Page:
Developer Moon Active has official announced the upcoming release of their first title, Bitter Sam, a new physics-based action puzzle game. Born loser Sam has lived a rough life and has every reason to be bitter. Especially since he's now been kidnapped by a mad scientist and dropped down a bottomless pit hanging from a rope in search of crystals.
When released, the game will include 100 levels making up 5 different worlds of tilt controlled descents with tons of obstacles, power-ups, and unique graphics. As players tilt their device, they will guide Sam on his rope left and right to avoid dangers and collect crystals through each level.
Bitter Sam will take the plunge on March 15th when the game launches in the App Store. No word yet on how much this titles will cost, though. Still, players won't have long to wait to find out and they can be helping the embittered little hero soon.
iPhone App - Designed for iPhone, compatible with iPad
Developer: ClearCut Games Price: $0.99
App Reviewed on: iPhone 3GS
Graphics / Sound Rating: User Interface Rating: Gameplay Rating: Re-use / Replay Value Rating:
Cado is a little eyeball blob-thing that always seems to get itself into tough situations. Since it's also seemingly incapable of getting itself out of said tough spots, it falls on the player's shoulders to get it through each level. How? By rotating the stage itself and rolling the lazy little ball to the exit. It's not quite as easy as it sounds.
The first few levels of Cado are pretty simple, with very little in the way of hazards and hardly any need to restart. Soon, though, things get much more complex. Some levels start the little ball on the outside of a spiral, and players have to ever-so-delicately spin the world around it so it doesn't fall off into oblivion. Then the stages get even more hazardous, using broken-up platforms and throwing spikes into the mix.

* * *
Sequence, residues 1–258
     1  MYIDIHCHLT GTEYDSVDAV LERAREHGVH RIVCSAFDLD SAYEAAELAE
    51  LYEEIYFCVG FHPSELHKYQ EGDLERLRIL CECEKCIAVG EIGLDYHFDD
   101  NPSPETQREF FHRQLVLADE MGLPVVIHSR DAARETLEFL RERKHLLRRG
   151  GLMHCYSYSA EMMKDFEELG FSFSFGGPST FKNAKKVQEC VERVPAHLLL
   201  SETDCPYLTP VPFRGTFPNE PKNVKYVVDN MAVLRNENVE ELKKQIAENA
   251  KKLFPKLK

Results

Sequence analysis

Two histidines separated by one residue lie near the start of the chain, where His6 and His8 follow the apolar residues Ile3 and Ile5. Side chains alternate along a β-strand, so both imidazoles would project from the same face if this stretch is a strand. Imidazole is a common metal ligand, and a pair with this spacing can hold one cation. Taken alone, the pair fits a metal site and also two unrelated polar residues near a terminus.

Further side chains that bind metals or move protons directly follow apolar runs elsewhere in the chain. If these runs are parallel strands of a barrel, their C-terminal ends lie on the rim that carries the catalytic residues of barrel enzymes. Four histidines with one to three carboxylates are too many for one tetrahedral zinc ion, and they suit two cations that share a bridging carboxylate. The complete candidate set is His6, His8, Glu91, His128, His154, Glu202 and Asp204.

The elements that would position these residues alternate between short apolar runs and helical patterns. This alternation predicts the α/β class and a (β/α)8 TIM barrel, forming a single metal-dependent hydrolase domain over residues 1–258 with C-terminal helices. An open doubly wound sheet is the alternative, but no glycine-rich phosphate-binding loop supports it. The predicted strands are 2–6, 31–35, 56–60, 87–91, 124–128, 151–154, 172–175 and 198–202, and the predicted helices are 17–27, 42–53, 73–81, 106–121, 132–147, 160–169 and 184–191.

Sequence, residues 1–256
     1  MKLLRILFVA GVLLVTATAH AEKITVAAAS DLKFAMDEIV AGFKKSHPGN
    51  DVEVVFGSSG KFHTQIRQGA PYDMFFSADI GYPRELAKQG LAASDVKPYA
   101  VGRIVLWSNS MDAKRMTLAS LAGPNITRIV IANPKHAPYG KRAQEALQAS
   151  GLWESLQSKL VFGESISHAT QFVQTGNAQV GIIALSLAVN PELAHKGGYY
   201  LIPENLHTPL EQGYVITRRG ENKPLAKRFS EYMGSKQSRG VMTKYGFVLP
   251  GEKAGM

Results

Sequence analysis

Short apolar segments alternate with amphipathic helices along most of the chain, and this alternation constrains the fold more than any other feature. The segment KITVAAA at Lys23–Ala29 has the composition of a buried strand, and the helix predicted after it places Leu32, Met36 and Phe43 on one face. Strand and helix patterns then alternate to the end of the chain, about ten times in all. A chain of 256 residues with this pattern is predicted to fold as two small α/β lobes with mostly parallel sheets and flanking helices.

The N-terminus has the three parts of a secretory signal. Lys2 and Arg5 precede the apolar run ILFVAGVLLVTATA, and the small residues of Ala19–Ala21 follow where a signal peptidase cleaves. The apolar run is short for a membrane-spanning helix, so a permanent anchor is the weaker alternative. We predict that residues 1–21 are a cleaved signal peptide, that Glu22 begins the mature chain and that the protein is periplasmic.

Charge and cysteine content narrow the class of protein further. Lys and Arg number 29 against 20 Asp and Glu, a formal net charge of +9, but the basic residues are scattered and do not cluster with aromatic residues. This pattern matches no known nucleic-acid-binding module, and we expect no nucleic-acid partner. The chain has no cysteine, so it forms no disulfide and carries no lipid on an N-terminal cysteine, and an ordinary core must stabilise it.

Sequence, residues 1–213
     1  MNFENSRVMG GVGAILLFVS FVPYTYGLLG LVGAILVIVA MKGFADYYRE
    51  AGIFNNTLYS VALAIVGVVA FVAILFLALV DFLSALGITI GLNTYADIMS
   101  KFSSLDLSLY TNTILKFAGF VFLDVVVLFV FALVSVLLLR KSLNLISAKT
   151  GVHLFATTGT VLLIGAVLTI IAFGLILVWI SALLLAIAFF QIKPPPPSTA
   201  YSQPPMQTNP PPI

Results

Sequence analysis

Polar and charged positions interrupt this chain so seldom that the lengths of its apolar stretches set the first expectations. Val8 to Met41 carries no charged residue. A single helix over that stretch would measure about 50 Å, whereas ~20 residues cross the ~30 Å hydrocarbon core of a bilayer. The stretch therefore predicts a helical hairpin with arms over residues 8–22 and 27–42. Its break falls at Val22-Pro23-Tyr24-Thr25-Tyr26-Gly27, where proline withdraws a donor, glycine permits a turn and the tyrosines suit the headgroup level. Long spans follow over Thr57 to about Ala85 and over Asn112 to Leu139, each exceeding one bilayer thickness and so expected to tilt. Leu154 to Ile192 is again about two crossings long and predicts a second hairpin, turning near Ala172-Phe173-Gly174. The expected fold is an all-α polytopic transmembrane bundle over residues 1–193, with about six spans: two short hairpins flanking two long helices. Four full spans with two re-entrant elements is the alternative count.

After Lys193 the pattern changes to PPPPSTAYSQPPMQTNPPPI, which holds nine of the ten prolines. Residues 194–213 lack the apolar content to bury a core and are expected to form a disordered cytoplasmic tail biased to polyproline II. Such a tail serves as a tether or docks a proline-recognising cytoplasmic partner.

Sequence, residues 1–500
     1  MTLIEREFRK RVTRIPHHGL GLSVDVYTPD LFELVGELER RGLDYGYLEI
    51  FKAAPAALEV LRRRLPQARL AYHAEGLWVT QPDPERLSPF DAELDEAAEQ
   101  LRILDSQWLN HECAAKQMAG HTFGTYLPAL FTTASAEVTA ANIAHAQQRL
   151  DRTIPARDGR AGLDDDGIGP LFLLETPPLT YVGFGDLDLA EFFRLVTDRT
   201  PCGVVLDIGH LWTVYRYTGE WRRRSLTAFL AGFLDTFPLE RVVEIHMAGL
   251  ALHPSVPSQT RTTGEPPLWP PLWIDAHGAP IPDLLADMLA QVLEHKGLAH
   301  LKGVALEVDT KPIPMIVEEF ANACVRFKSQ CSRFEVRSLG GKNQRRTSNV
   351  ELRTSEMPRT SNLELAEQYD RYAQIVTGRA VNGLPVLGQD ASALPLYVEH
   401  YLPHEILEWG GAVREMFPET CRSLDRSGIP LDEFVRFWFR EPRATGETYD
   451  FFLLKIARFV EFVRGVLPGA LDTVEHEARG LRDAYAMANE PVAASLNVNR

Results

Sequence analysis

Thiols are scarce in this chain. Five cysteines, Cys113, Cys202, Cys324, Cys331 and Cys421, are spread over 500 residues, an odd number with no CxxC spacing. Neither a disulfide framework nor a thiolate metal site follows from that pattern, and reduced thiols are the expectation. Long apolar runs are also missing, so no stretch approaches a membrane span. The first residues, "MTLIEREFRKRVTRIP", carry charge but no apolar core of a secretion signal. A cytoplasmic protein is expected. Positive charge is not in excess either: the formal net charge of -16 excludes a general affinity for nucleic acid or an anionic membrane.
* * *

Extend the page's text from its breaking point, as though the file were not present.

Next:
Cado is a good deal of fun, although attempting to snag a level's star can get frustrating. Still, it gets plenty addicting and I blew through almost 30 of the game's 40 levels before I knew it. If that sounds like cause for concern, don't worry; the developer plans to release another 20 levels in a future update, free of charge. Something I'm rather interested in seeing when it comes out, because the levels thus far have been both devious and crazy. In a good way.
My solitary gripe with Cado is that it almost feels like it should use accelerometer controls rather than the on-screen virtual buttons. Which feels weird to say because I typically avoid tilt-based control methods but a game like this practically begs for it. That's not to say that it needs them, but sometimes things spin just a tad too slow and I feel like more direct control through tilting would make a difference.
Cado is certainly one fun and hard to put down game. The 40 levels (soon to be 60, total) are somewhat of a mixed-bag as far as challenge goes, but that shouldn't stop anyone from enjoying this addicting casual physics puzzle-platformer. Or inventing their own string of adjectives to use when they tell their friends about it.